Paper Artist, Creations Kids Can Fold, Tear, Wear or Share: A Review


Authors: Gail D. Green, Kara L. Laughlin and Jennifer Philips
Genre: non-fiction, crafts, hobbies, papercrafts, childrens, teenage
First Published: 2013 by Capstone Young Readers
Pages: 114 (advance ebook version)

Paper craft is one of the few areas of craft that I don’t have any experience in. I am eager to learn some paper craft skills and I have started gathering supplies to make cards and a junk journal, but when I saw this book I fell in love with the heart hangings on the front cover and knew instantly that I wanted to see what else it had to offer.

When I first looked inside this book I was amazed at the range of projects that are covered and how many of them I wanted to do! There are 53 projects in the book and it covers everything from paper jewellery and accessories to bookend and other sorts of home décor. The book is divided into four sections, which are, Adorable Accessories; Pretty Presents; Classy Keepsakes and Dazzling Decorations.

The book claims that it is suitable for a 9-13 years readership, although, having worked with 9-year-olds, I’m not sure that the projects would be suitable or appealing for the lower end of the age bracket. To me, the projects seemed directed more towards young teens for 12-15 but obviously it would depend on the individual child’s ability and tastes. Saying this, however, even at 21 several of the projects appeal to me and I am eager to try them, suggesting that this book is also suitable for those of us who are still pre-teens at heart!

The instructions for the projects are really straight forward and are broken down into steps (usually ten or less per project) and each step is usually only one or two sentences. Each project is set across a double page, with a full page photograph of the finished project on one side with the instructions on the facing page which means no flicking backwards and forwards to check that it is all going to plan! There are also step by step photo instructions for more difficult elements which run across the bottom of the page with the written instructions.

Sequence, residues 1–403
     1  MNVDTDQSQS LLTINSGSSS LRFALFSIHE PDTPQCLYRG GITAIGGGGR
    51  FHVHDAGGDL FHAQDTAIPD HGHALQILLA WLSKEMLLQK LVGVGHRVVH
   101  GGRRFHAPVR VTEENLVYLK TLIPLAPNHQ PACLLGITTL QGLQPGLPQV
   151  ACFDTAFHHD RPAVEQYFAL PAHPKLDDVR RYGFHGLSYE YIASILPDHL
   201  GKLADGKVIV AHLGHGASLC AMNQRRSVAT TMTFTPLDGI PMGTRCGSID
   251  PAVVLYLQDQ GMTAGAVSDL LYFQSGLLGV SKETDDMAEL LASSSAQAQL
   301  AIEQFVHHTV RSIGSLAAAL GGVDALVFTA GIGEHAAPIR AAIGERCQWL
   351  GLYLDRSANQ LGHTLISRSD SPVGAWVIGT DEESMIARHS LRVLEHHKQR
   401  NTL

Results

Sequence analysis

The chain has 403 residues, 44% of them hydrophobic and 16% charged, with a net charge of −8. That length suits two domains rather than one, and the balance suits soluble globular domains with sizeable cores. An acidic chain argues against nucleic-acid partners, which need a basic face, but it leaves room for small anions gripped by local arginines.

The primary list of materials is nice and short with only nine items, most of which parents or crafters are likely to have to hand with very few additional supplies required for a few of the projects. There are no additional tips and techniques mentioned in the book, so everything you need for the project is set out on the double page spread, once again saving flicking backwards and forwards. The lack of specialist instructions also highlights how ideal the projects are for children or beginners as you don’t require any prior knowledge or additional information to be able to complete them.

I absolutely love this book and I can’t wait to get my hands on a print copy. It is a fantastic book for anyone who wants to turn their hand a paper crafts, regardless of age but it is also a great one for parents to work through with their kids. Overall I would say that the projects are pretty female oriented and it isn’t one that has a lot to offer young boys, although, a few of the projects could easily be adapted to be more ‘masculine’ if you were working with a boy and a girl at the same time.

Rating: 10/10

I received this book as a free Advanced E-Reader Copy from NetGalley.  This book is available to buy now in both the US and the UK.


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